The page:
Free access

Bielinski M. Santos and James P. Gilreath

Purple nutsedge can easily penetrate polyethylene mulch films. However, there are no reports on possible differences among mulch films. Because of this situation, field trials were conducted in Ruskin and Bradenton, Fla., during 2002 and 2003. In Spring 2002, the treatments were a) no mulch, b) black Pliant High Barrier mulch, and c) green Klerk's Virtually Impermeable Film (VIF). In Spring 2002, the films were a) black Pliant High Barrier, b) black IPM Bromostop, c) metallized Pliant, and d) green Klerk's VIF. The number of nutsedge emerged through the films was determined. No fumigants or herbicides were applied. Results indicated that the Klerk's VIF had the lowest nutsedge densities. No nutsedge control differences were found between the IPM Bromostop and the metallized Pliant films. These differences might be due to the physical properties of the films, including stretching and thickness.

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Bielinski M. Santos and James P. Gilreath

Over the years, efficacy of metam potassium (MK) on purple nutsedge (Cyperus rotundus) control has been inconsistent, in many cases because of a lack of knowledge about application techniques. Therefore, field studies were conducted to determine the effect of water delivery volumes and flow rates on purple nutsedge control with MK, and the influence of MK rates and concentrations on purple nutsedge control. Three separate studies were established for 1) water application volumes and flow rates, 2) MK application rates and concentrations, and 3) MK concentration levels. For the water application volumes and flow rate trials, a single MK rate of 60 gal/acre was injected with either 1 or 2 acre-inch/acre (27,154 or 54,308 gal/acre) of water. The water flow rates were 0.30, 0.45, and 0.60 gal/100 ft of row per minute within each water volume. An nontreated control was included. In the application rate and concentrations studies, treatments were a nontreated control, 30 gal/acre applied with 0.5 acre-inch/acre of water (≈3000 ppm), 60 gal/acre applied with either 0.5 or 1 acre-inch/acre of water (≈6000 and 3000 ppm), 120 gal/acre applied with either 1 or 2 acre-inch/acre of water (≈6000 and 3000 ppm), and 240 gal/acre applied with 2 acre-inch/acre of water (≈6000 ppm). In the MK concentration trials, 0, 2000, 3000, 4000, 5000, and 6000 ppm were tested. Results indicated that neither water volumes nor flow rates used for MK application had a significant impact on purple nutsedge control at 10 weeks after treatment (WAT). However, there was a significant effect of the combinations of MK rates and water delivery volumes on purple nutsedge densities at 4 and 15 WAT. Similarly, MK concentrations obtained from a single application rate resulted in improved purple nutsedge control up to 10 WAT, reducing densities to less than 5 plants/ft2 with 6000 ppm of MK.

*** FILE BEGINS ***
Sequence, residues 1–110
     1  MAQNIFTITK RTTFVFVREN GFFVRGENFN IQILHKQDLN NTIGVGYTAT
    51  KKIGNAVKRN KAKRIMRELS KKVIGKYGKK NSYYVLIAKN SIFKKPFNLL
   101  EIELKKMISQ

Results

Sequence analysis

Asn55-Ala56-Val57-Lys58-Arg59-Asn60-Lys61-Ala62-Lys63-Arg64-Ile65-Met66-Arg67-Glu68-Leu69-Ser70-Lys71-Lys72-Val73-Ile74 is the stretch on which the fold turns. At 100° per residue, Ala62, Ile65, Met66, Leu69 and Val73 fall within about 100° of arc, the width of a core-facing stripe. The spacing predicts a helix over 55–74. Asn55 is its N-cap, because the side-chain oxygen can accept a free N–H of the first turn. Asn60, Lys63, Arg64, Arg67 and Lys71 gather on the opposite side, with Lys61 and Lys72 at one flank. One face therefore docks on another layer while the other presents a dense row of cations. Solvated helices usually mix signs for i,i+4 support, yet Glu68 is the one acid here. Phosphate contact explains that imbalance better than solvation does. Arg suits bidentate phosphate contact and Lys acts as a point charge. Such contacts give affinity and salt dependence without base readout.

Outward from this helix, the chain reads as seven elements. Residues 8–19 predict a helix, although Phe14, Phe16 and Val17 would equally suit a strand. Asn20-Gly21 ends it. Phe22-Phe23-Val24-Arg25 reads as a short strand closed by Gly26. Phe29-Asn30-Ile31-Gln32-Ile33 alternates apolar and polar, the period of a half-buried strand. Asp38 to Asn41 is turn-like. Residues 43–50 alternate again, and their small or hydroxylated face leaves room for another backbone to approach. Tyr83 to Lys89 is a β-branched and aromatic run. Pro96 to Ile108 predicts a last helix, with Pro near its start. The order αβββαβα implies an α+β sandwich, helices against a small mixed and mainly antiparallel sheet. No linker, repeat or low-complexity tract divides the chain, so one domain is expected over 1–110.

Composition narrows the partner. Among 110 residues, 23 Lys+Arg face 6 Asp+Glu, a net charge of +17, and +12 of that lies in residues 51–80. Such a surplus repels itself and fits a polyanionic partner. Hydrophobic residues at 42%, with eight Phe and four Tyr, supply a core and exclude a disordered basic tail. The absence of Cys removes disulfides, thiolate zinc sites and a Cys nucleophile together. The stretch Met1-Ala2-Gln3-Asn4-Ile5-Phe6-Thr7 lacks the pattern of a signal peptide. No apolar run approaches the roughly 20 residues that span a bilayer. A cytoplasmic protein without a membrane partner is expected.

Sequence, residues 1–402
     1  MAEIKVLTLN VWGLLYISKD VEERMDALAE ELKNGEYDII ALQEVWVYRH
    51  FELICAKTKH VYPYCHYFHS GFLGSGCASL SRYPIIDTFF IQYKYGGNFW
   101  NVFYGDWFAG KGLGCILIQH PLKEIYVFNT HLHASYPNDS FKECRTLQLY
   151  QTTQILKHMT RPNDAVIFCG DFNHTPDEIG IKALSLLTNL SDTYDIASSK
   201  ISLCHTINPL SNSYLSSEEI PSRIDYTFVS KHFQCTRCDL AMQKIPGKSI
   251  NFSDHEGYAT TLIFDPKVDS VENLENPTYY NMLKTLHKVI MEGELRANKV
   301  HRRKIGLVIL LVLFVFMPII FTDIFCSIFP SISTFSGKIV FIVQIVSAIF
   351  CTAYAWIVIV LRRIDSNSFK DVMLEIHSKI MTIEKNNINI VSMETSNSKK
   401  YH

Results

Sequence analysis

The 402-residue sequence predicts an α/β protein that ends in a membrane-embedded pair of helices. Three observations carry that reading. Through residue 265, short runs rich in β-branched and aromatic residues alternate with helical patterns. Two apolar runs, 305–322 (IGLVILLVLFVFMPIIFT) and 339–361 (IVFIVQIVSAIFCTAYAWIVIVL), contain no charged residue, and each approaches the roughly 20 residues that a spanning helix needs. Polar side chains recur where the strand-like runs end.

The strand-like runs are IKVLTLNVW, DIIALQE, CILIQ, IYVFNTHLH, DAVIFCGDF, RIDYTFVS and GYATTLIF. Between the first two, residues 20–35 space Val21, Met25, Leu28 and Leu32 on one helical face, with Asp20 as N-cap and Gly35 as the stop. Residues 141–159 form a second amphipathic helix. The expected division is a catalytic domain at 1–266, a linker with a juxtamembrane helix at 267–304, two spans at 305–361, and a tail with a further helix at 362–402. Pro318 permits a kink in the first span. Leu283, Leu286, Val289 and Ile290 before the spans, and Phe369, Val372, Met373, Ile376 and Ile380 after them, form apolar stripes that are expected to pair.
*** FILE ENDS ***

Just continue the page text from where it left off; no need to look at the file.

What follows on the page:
Full access

Bielinski M. Santos and James P. Gilreath

A 2-year field study was conducted in two locations in the Dominican Republic to determine the influence of various support systems and nitrogen fertilization programs on passion fruit (Passiflora edulis var. flavicarpa) yield and economic returns. Three trellis systems were used: 1) single line, where a single wire was placed along the planting rows at 2 m high; 2) double lines, where two wires were established along the planting rows at 2 and 1 m high, respectively; and 3) crossed lines, with wires at 2 m high, allowing the vines to grow both along and across the planting rows. Nitrogen (N) fertilization rates were 13, 26, and 52 g/plant of N every 20 days. Plants trained with the single- and double-line support systems combined with 52 g/plant of N had higher marketable yield and had the lowest proportion of non-marketable fruit/plant per year. Partial budget analysis indicated that the single-line support system had a marginal return rate of 36% compared to the double-line support system.

Free access

Timothy N. Motis, Salvadore J. Locascio, and James P. Gilreath